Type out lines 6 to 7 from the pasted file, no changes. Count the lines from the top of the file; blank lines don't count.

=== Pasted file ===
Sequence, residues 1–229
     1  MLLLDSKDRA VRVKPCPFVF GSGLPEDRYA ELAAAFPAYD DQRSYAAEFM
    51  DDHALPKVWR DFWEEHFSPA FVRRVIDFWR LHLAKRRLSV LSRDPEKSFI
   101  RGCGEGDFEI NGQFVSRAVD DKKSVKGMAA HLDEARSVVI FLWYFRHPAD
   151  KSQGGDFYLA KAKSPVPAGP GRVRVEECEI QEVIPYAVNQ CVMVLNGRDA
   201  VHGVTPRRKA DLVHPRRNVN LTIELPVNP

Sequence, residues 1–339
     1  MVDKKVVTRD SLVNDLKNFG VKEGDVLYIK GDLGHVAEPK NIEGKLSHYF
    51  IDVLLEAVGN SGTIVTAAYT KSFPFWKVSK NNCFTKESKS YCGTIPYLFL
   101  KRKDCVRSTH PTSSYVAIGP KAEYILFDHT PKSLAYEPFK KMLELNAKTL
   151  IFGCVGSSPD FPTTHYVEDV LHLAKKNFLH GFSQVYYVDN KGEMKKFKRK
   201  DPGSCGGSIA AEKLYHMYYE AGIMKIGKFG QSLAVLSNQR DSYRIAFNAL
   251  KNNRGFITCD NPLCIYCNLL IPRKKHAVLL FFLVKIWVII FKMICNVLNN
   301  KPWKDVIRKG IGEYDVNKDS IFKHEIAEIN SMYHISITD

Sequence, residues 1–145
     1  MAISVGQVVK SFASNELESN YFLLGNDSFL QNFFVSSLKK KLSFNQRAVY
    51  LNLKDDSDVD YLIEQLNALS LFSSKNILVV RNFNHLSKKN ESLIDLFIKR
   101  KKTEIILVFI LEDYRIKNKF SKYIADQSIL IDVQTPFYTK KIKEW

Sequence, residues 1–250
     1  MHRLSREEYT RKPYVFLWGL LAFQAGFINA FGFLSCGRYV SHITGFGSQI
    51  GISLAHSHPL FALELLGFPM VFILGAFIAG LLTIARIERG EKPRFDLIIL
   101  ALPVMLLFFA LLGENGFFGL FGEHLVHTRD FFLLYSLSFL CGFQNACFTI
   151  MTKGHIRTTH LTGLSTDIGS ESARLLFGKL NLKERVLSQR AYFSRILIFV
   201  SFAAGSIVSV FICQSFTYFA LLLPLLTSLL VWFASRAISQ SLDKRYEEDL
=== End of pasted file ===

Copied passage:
   201  VHGVTPRRKA DLVHPRRNVN LTIELPVNP

Sequence, residues 1–339